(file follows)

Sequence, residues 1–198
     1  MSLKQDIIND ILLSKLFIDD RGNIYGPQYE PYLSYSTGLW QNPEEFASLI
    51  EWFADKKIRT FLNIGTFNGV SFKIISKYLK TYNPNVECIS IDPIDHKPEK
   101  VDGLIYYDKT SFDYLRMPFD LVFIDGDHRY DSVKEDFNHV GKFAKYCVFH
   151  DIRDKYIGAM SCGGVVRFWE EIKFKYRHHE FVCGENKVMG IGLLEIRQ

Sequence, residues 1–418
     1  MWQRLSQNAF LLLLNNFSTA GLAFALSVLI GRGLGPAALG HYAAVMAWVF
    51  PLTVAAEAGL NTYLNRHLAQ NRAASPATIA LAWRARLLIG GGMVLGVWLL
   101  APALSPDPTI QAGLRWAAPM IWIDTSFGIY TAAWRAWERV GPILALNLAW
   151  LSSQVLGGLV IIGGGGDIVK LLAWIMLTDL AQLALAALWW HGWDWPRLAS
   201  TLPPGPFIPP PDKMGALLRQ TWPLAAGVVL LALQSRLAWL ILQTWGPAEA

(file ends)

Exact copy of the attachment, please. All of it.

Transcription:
Sequence, residues 1–198
     1  MSLKQDIIND ILLSKLFIDD RGNIYGPQYE PYLSYSTGLW QNPEEFASLI
    51  EWFADKKIRT FLNIGTFNGV SFKIISKYLK TYNPNVECIS IDPIDHKPEK
   101  VDGLIYYDKT SFDYLRMPFD LVFIDGDHRY DSVKEDFNHV GKFAKYCVFH
   151  DIRDKYIGAM SCGGVVRFWE EIKFKYRHHE FVCGENKVMG IGLLEIRQ

Sequence, residues 1–418
     1  MWQRLSQNAF LLLLNNFSTA GLAFALSVLI GRGLGPAALG HYAAVMAWVF
    51  PLTVAAEAGL NTYLNRHLAQ NRAASPATIA LAWRARLLIG GGMVLGVWLL
   101  APALSPDPTI QAGLRWAAPM IWIDTSFGIY TAAWRAWERV GPILALNLAW
   151  LSSQVLGGLV IIGGGGDIVK LLAWIMLTDL AQLALAALWW HGWDWPRLAS
   201  TLPPGPFIPP PDKMGALLRQ TWPLAAGVVL LALQSRLAWL ILQTWGPAEA